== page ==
Due to the COVID-19 crisis, music communities who found themselves in social and physical isolation have been trying to find alternative solutions to keep some form of connection. Network performance is one of these solutions, one that is specifically aimed at enhancing communities’ connectivity beyond one’s intimate surroundings. In order for network performances to properly work, there are numerous roles that need to be filled; these include performers, administrators, technicians, and event organizers. This paper presents new discussions aimed at understanding these evolving roles and the way in which they are intertwined. These discussions are based on the autobiographical reflections of one of the authors, Andrew McMillan, and his experience as organizer and technician of network performances during this crisis. This article has two objectives: one is scholarly and one is pragmatic. First, we discuss the sociotechnical challenges and opportunities of managing organizational and technical aspects of network performances. We discuss how this form of social connectivity can be considered an autotelic experience, which also creates a strong sense of purpose and well-being in isolation. Second, we offer practical suggestions and technical solutions for running online performance series.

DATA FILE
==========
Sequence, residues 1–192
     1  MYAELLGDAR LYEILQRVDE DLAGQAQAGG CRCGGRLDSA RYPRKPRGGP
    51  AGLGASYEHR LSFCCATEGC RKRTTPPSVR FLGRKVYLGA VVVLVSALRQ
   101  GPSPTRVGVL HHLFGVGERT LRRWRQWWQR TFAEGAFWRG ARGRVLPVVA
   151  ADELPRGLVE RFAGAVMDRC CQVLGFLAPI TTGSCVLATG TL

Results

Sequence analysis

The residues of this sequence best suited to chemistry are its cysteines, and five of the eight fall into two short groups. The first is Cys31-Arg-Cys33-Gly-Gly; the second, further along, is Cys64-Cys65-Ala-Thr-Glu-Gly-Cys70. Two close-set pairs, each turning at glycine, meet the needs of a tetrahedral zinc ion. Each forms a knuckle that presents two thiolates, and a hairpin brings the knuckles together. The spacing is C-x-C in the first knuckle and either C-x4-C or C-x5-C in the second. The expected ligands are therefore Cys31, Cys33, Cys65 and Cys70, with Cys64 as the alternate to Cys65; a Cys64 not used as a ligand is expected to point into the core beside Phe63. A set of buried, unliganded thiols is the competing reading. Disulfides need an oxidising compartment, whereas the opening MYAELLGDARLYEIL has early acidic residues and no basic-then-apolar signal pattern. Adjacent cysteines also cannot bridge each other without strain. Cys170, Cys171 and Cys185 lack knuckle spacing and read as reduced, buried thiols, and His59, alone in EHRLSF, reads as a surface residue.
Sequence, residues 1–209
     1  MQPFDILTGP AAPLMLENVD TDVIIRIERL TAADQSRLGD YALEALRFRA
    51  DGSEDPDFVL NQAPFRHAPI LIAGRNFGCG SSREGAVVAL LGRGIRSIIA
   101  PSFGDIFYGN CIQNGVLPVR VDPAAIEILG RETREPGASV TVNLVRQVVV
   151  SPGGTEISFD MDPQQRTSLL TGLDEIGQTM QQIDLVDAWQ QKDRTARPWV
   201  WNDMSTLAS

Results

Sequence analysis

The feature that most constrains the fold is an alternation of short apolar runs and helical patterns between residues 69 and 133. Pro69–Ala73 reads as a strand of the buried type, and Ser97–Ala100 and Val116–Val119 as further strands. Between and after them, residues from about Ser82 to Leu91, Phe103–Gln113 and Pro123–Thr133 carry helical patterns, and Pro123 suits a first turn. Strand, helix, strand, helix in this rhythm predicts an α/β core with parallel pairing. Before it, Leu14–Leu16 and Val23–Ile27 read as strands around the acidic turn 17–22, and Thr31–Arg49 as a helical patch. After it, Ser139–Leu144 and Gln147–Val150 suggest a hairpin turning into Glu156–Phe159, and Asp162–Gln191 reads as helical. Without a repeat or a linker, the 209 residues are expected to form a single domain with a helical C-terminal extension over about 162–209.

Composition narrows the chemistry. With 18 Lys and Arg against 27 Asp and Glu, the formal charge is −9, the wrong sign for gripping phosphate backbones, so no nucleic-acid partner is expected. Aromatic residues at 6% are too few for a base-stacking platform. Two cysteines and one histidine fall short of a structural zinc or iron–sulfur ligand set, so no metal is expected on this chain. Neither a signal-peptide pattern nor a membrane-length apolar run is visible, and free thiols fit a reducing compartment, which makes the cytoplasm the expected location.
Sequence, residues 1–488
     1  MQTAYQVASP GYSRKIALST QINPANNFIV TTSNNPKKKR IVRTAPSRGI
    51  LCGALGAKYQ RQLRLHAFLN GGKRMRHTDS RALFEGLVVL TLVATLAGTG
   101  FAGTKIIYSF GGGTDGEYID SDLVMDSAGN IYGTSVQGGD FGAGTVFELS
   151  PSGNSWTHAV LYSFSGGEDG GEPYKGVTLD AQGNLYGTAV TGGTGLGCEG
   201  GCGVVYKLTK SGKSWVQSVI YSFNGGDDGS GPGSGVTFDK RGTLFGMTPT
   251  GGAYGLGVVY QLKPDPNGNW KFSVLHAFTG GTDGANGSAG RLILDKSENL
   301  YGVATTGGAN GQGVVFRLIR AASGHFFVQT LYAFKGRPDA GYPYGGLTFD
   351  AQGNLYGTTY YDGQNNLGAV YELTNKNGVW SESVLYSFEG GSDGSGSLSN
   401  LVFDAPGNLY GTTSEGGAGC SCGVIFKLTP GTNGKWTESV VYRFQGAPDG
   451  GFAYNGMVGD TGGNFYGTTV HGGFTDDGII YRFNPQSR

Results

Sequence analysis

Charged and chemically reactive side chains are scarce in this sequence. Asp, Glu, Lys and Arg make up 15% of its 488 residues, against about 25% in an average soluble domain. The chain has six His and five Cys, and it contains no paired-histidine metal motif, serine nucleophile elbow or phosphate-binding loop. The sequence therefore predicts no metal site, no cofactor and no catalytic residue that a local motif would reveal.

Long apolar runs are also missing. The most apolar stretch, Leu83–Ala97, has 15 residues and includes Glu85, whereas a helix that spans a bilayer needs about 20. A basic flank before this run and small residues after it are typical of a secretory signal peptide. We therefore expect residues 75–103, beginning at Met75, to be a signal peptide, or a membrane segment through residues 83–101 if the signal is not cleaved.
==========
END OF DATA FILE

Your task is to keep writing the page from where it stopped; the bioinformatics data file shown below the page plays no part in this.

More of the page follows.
McMillan, Andrew, and Fabio Morreale. "Purpose and Well-Being Through Administering Network Performances." Journal of Network Music and Arts 2, 1 (2020). https://commons.library.stonybrook.edu/jonma/vol2/iss1/3